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We're trying to figure out whether to use return or throw in Solidity when a condition fails and we don't assume user maliciousness. Here's the pros and cons we've figured so far:

Why use throw

  • Any side effects of the code are reverted
  • Some wallets may predict throw ahead of time, warning the user

Why use return

  • Less gas is consumed by the unsuspecting user (again, assuming not a malicious call).
  • A calling contract may gracefully recover from the failure, unlike with throw.

Are there any other considerations (or best-practices) we should be aware of?

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All the considerations in the question are helpful.

throw is safer since it ensures that there are no side effects that remain, but another consideration is error reporting. With throw there's currently no way to get more information about the error whereas Events and error codes could be used with return to convey a more granular reason about the error.

Another thing to be aware of when using web3.js, is that when a Solidity throw is encountered, currently web3.js has an issue with false values.

EDIT: Since throw consumes all gas, keep an eye on EIP 140 REVERT instruction:

The REVERT instruction provides a way to stop execution and revert state changes, without consuming all provided gas and with the ability to return a reason.

  • Be careful because throw doesn't return the sent ether, it only rollbacks changes to data. – Pablo Yabo Jun 7 '17 at 15:47
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    @PabloYabo Correct if you meant that throw consumes all gas and I added the clarification. Otherwise, an ether transfer is reverted with either a throw or revert. – eth Jun 11 '17 at 8:11
  • What I mean is that if you call send function to send Ether to another account, it doesn't rollback the sent ether with a throw. – Pablo Yabo Jun 12 '17 at 13:36
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    @PabloYabo A throw does rollback the sent ether: ethereum.stackexchange.com/questions/2428/… – eth Jun 23 '17 at 5:39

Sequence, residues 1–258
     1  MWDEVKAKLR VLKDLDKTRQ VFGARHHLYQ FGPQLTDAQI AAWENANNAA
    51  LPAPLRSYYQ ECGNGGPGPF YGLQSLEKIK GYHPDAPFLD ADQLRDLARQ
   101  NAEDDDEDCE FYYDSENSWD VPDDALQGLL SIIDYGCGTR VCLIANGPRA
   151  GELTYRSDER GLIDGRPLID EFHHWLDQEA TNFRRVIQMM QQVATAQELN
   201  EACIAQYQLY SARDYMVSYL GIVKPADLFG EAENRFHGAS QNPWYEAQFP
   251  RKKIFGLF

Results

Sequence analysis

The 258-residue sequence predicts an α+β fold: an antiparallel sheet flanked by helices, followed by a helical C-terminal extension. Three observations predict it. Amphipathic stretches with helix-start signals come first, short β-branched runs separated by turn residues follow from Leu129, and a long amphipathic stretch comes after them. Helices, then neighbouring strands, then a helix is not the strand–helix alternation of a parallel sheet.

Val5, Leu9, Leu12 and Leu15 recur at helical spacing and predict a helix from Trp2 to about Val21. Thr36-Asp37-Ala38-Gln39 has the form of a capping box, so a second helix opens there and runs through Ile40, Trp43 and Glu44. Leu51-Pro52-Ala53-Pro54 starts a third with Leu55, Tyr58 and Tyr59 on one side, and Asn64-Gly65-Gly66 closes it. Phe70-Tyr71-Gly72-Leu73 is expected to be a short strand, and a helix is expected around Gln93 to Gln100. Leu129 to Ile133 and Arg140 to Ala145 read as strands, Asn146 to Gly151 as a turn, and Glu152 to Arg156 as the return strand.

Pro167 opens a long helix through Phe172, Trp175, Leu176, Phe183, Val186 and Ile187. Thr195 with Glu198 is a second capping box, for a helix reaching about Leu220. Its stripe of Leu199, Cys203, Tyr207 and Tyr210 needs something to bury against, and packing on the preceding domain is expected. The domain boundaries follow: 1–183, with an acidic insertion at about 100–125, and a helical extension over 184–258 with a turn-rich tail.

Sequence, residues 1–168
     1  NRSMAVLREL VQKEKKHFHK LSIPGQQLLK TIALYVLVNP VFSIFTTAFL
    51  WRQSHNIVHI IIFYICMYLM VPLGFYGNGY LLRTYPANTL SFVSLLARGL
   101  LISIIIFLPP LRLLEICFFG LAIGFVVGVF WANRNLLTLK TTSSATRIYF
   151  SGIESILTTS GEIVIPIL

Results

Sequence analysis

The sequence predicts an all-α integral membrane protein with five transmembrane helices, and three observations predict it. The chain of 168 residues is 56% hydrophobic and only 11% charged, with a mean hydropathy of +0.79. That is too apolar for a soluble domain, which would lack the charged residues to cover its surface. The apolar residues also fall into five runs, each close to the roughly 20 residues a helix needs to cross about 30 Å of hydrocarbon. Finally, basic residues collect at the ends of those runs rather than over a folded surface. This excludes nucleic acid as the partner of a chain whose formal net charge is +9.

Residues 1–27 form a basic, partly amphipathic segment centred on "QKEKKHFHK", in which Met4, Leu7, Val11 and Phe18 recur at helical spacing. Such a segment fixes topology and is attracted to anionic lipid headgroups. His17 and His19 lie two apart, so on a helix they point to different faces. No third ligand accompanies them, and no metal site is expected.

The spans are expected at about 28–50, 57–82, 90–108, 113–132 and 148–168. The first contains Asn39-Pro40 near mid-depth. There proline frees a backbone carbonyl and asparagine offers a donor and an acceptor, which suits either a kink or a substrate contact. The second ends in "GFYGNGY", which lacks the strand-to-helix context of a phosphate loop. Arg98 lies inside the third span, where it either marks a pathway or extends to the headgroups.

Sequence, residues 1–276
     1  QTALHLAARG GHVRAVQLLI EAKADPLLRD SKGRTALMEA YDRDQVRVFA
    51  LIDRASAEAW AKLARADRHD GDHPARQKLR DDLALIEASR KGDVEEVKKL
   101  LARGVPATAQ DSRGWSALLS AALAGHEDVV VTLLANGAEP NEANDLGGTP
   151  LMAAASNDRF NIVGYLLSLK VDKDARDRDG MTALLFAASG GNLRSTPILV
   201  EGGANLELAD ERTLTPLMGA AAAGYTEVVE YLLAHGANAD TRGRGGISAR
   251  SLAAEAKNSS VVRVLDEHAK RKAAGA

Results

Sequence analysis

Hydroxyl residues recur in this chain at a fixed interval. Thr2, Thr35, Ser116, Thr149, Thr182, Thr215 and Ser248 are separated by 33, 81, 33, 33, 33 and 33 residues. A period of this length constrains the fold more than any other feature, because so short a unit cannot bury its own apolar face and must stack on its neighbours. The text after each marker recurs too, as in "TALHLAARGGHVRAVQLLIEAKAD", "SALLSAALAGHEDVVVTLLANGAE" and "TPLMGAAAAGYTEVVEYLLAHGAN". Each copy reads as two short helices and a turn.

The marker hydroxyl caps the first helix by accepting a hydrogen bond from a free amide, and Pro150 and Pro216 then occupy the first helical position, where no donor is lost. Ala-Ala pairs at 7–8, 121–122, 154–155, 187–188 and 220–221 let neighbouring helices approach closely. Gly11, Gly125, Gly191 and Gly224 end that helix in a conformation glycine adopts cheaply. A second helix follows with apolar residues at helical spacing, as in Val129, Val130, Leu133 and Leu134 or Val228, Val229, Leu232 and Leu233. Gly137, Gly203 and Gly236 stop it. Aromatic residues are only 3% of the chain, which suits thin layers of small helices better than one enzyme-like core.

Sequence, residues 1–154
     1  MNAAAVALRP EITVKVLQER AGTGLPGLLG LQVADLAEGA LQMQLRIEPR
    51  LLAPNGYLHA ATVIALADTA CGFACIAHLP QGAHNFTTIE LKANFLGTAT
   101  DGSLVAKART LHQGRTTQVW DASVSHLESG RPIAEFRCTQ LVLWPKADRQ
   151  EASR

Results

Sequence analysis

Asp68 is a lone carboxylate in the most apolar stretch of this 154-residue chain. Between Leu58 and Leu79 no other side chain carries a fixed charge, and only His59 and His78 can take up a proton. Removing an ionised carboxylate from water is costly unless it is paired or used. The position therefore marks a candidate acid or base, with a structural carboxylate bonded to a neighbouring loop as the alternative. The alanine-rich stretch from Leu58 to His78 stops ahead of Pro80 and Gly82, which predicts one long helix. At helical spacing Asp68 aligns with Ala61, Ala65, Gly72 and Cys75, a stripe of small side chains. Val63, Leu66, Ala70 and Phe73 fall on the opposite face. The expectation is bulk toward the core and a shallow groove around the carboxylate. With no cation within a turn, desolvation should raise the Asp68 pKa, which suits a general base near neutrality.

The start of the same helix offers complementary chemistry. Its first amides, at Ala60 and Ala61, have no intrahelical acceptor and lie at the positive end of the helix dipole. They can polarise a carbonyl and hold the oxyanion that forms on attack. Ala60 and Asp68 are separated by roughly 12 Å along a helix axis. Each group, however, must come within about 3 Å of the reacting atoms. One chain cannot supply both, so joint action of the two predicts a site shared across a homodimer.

• the throw returns sent ether but it doesn't rollback ether sent within the executed code. It returns the msg.value but only that. If you sent ether in your code, it isn't rolled back. – Pablo Yabo Jun 23 '17 at 20:26
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You may also want to consider why not to use throw / return:

Why not use throw

  • All gas is consumed, everything reverted
  • Impossible to tell callers why the call failed
  • Errors cannot be caught, so they cannot be handled gracefully

Why not use return

  • It may not be clear to callers that the function can unsuccessfully run. This can lead to disastrous consequences: contract.doSomeImportantCall() may return false, but the caller instead expected a throw, so unless they check the return value bad things can happen.
  • You will find yourself returning multiple values everywhere: eg returns (bool _successful, uint _result) vs returns (uint _result)
  • Handling multiple return values is cumbersome and more difficult to test against.

There really is no consensus on the proper way to do things. In fact, there is currently a debate over throw vs return for transfer on the updated ERC20 spec, for example.

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